When Marvel Comics' Wolverine faces a problem of the villainous kind, there's a good chance that he'll use his adamantium claws to whip up a lethal solution to it. What happens, however, when Wolverine faces an opponent who becomes a much bigger problem if he's killed? Writer Charlie Huston and artist Juan Jose Ryp answer that question and more this winter when their new ongoing series, "Wolverine: The Best There Is" begins. CBR News spoke with Huston about the title, which introduces a new and dangerous villain to Wolverine's rogues gallery.
When Huston and his editor Axel Alonso began discussing the project that would become "The Best There Is," the two weren't even thinking about the character of Wolverine. "We were talking about me doing something more long form, like what I had done with Moon Knight. The ideas I had for other characters weren't fitting what was going on in the pipeline, though, and I had been revisiting Wolverine because he was another action oriented dark character, which is what I do," Huston told CBR News. "Then, without being able to define it too much, I kept talking to Axel about how tired I thought it was that all Wolverine seems to do anymore since he got his memory back was deal with his past. I thought that was really appropriate for 'Wolverine: Origins,' but it seemed like all the character did was look backward. He would despair or get angry about what happened to him and lots of people from his past would pop up.
"It was just bleeding the well dry and it was also a case where some things just get stretched. You can't have it where Wolverine has a backstory with every single fucking character in the Marvel Universe but somehow never knew it before," Huston continued. "It's like, why the fuck didn't Captain America ever tell him that he knew him?"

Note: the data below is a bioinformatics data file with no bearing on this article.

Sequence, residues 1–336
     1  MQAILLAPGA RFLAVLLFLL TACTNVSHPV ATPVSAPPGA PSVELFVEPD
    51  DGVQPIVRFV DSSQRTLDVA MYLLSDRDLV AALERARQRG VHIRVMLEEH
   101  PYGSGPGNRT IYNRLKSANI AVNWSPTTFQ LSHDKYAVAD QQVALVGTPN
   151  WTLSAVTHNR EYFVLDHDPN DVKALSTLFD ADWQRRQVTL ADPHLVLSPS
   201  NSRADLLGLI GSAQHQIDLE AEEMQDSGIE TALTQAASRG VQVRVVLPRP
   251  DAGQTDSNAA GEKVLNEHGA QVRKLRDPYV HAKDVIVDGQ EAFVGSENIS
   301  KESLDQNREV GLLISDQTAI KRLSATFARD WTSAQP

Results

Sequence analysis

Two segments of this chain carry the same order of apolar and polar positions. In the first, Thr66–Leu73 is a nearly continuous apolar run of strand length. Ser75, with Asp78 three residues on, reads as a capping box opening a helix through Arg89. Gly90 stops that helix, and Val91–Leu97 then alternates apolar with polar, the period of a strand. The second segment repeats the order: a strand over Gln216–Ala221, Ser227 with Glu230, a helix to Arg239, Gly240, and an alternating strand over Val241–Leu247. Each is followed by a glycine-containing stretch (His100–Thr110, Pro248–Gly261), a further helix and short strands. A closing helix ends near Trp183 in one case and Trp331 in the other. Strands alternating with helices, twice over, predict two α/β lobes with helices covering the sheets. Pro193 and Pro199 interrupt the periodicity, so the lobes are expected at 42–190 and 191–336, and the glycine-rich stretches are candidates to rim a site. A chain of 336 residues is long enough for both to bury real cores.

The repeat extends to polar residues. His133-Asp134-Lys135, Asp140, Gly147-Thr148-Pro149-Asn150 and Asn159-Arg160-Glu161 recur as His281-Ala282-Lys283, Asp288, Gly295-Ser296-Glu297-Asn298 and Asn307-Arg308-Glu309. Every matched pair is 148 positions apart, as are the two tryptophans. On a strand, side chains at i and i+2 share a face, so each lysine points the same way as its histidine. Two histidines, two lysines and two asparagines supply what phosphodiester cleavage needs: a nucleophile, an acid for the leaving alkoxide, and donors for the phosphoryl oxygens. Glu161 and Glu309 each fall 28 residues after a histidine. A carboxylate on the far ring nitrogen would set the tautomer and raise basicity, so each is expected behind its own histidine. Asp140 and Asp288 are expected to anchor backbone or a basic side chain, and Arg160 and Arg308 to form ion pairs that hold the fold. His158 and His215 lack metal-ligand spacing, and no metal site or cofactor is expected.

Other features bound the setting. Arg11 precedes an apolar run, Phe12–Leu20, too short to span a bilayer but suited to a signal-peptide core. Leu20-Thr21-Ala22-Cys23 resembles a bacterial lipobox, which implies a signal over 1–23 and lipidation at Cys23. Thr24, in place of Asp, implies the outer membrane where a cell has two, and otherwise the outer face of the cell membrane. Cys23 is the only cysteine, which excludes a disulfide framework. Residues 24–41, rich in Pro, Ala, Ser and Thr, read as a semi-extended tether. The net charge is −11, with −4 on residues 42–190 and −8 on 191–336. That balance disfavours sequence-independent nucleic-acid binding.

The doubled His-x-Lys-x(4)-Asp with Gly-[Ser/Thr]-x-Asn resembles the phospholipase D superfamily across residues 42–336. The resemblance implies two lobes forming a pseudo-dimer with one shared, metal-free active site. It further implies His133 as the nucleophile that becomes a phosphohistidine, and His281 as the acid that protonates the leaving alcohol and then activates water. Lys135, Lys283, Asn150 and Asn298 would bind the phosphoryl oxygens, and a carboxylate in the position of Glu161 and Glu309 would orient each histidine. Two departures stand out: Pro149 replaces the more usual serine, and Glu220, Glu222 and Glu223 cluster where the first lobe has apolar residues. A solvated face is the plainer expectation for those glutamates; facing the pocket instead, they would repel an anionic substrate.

The other area of Wolverine that Huston felt warranted further exploration was the villains that the character usually runs afoul of. "All of them are either samurai warriors, feral beasts or some form of the perfect assassin. They're all people he can fight, obviously. You've got a guy with claws who [has a healing factor], so that's what you're going to do, but they really don't fall out of these very limited categories of characters," the writer remarked. "So what I proposed to Axel was that I wanted to create a brand new Wolverine villain...and I didn't want him to have to anything to do with Wolverine's past at all. I wanted to move the character forward in terms of giving Wolverine a new villain, and I wanted something to happen over the course of the initial 12 issues that changed Wolverine, or at least made it clear that if another writer wanted to pick up from here, that there's room in the direction that I was going. So if somebody wants to pick up on what I did, they can. It's supposed to be in continuity."
Huston's new villain would come to be called Contagion, and Huston has created him to be as different from Wolverine as possible. " I wanted someone who was tall, physically beautiful and elegant, highly educated, incredibly self aware and erudite. Also, someone who had no physical prowess whatsoever and was incredibly fragile physically. He's someone that you can't have Wolverine fight, because there really would be no fight. If it ever came to blows, Wolverine would just kill this character," the writer revealed. "He would be someone who could dominate Logan intellectually but also pose a perverse kind of physical threat."